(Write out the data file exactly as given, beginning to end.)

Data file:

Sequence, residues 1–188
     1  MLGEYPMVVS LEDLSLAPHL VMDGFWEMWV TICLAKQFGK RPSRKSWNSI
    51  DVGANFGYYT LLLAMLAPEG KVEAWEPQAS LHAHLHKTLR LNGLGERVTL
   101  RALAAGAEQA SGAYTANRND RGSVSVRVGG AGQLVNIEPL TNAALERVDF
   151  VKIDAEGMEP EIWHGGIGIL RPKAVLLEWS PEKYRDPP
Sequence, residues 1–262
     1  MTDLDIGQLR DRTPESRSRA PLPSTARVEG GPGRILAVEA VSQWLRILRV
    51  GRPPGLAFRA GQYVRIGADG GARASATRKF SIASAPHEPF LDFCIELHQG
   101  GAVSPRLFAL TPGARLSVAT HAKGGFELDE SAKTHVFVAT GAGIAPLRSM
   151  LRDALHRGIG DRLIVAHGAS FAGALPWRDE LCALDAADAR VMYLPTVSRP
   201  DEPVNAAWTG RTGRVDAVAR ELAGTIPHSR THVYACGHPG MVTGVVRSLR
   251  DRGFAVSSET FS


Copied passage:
Sequence, residues 1–188
     1  MLGEYPMVVS LEDLSLAPHL VMDGFWEMWV TICLAKQFGK RPSRKSWNSI
    51  DVGANFGYYT LLLAMLAPEG KVEAWEPQAS LHAHLHKTLR LNGLGERVTL
   101  RALAAGAEQA SGAYTANRND RGSVSVRVGG AGQLVNIEPL TNAALERVDF
   151  VKIDAEGMEP EIWHGGIGIL RPKAVLLEWS PEKYRDPP
Sequence, residues 1–262
     1  MTDLDIGQLR DRTPESRSRA PLPSTARVEG GPGRILAVEA VSQWLRILRV
    51  GRPPGLAFRA GQYVRIGADG GARASATRKF SIASAPHEPF LDFCIELHQG
   101  GAVSPRLFAL TPGARLSVAT HAKGGFELDE SAKTHVFVAT GAGIAPLRSM
   151  LRDALHRGIG DRLIVAHGAS FAGALPWRDE LCALDAADAR VMYLPTVSRP
   201  DEPVNAAWTG RTGRVDAVAR ELAGTIPHSR THVYACGHPG MVTGVVRSLR
   251  DRGFAVSSET FS